Marvel puts a fresh twist on superhero movies

“Captain America: Civil War” steps away from fighting aliens

Breaking+away+from+stereotypical+superhero+movies%2C+%E2%80%9CCaptain+America%3A+Civil+War%E2%80%9D+continues+Marvel%E2%80%99s+film+success.+Rather+than+fighting+aliens+and+monsters%2C+%E2%80%9CCivil+War%E2%80%9D+focuses+on+the+rising+tension+between+each+character.
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Marvel puts a fresh twist on superhero movies

Breaking away from stereotypical superhero movies, “Captain America: Civil War” continues Marvel’s film success. Rather than fighting aliens and monsters, “Civil War” focuses on the rising tension between each character.

Breaking away from stereotypical superhero movies, “Captain America: Civil War” continues Marvel’s film success. Rather than fighting aliens and monsters, “Civil War” focuses on the rising tension between each character.

denofgeek.com

Breaking away from stereotypical superhero movies, “Captain America: Civil War” continues Marvel’s film success. Rather than fighting aliens and monsters, “Civil War” focuses on the rising tension between each character.

denofgeek.com

denofgeek.com

Breaking away from stereotypical superhero movies, “Captain America: Civil War” continues Marvel’s film success. Rather than fighting aliens and monsters, “Civil War” focuses on the rising tension between each character.

 

There are always two sides to a story, and the right side may not always be a clear choice. Franchises zero in on this conflict to fuel large movie productions, with the latest being “Captain America: Civil War.”

As the final movie of the Captain America trilogy, “Civil War” wraps up its plot ties from the previous movie, “Captain America: The Winter Soldier,” with Captain America, played by Chris Evans, helping his best friend Bucky Barnes, played by Sebastian Stan, recover from his memory being wiped. Unlike other Marvel movies, “Civil War” is not about fighting aliens or other supernatural threats, but rather about man vs man conflict.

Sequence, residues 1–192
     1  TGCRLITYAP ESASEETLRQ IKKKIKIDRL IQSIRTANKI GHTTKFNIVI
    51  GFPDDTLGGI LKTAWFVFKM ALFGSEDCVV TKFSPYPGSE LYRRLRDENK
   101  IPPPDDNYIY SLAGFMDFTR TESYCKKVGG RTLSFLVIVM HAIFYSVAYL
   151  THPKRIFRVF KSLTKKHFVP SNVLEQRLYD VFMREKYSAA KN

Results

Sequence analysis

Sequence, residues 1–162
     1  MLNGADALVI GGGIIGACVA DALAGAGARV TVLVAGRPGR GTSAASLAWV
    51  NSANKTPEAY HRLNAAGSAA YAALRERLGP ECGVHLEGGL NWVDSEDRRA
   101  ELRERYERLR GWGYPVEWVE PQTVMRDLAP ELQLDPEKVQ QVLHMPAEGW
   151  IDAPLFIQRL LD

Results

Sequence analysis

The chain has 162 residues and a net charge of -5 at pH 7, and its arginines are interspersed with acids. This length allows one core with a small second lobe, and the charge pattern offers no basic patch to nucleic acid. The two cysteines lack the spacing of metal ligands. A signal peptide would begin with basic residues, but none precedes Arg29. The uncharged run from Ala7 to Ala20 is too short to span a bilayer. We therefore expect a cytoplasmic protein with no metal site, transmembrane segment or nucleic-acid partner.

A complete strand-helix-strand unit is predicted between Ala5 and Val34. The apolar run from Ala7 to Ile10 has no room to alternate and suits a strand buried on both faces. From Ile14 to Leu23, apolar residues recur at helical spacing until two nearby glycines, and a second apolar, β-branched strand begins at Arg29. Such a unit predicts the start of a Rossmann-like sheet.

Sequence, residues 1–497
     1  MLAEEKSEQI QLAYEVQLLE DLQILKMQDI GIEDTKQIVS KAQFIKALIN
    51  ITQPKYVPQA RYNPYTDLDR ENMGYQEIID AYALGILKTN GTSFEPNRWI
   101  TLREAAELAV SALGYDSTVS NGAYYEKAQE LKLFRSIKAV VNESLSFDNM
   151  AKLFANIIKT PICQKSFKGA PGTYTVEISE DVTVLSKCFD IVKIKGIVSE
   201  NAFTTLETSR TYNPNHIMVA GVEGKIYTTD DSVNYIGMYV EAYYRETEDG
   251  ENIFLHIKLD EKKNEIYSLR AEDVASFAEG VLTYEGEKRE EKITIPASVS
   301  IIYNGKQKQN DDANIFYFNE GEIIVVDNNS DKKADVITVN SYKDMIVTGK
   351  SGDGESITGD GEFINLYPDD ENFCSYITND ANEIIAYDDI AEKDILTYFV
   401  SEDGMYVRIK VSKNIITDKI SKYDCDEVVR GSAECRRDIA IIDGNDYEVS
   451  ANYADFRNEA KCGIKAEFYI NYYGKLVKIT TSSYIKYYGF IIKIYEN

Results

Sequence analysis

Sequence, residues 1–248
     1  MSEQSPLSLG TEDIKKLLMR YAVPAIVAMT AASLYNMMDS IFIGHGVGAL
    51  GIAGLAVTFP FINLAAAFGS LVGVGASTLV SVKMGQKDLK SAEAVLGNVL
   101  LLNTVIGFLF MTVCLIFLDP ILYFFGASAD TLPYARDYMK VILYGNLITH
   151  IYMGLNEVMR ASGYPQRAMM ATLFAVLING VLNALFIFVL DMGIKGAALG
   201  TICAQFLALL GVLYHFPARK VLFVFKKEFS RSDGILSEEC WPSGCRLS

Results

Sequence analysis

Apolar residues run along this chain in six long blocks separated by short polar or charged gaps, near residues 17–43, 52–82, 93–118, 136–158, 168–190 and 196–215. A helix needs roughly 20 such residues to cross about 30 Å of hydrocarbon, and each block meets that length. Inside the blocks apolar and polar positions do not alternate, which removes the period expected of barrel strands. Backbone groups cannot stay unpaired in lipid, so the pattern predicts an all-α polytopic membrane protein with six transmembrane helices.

Following the events of mass destruction from the Avengers’ time in Sokovia, the government has announced the release of the Sokovia Accords, which would put all superheroes under government control. Iron Man, played by Robert Downey Jr., readily agrees because he feels he is to blame since he created Ultron. However, Captain America fears that the government will try to overpower them, so he steers clear of signing the Accords.

Unfortunately, their decision must be unanimous, creating conflict that will destroy friendships. Captain America recruits new and old friends to stand with him, while Iron Man does the same, preparing for a fight. Since they’re Avengers, it is expected for them to work together, yet they can’t agree on the Accords. Every member of each team is suddenly pitted against each other in the battle between right and wrong.

I would definitely give “Civil War” an A. I felt like I could easily relate with all the characters because they weren’t off fighting supernatural forces, but instead they were dealing with issues non-super people have. Superhero films are usually stereotyped with good overcoming evil in an ultimate battle, but thankfully “Civil War” broke out of that simplistic mold.

Even though “Civil War” is in the Captain America trilogy, there are so many returning and new characters that it feels like an “Avengers” film. “Civil War” definitely focuses on Iron Man vs Captain America, but at the same time, Marvel takes the time to focus on underlying characters like Vision, Scarlet Witch, and Spider-Man, and what they really think about the new Accords.

“Civil War” definitely keeps the ball rolling in Marvel’s cinematic success. Not only does it continue with characters that have been around for awhile, but it also introduces Black Panther, played by Chadwick Boseman, who will have his own movie in a few years. With every new movie release, there is a silent fear that Marvel’s time in the cinemas will be over, but that is certainly not the case with “Civil War.”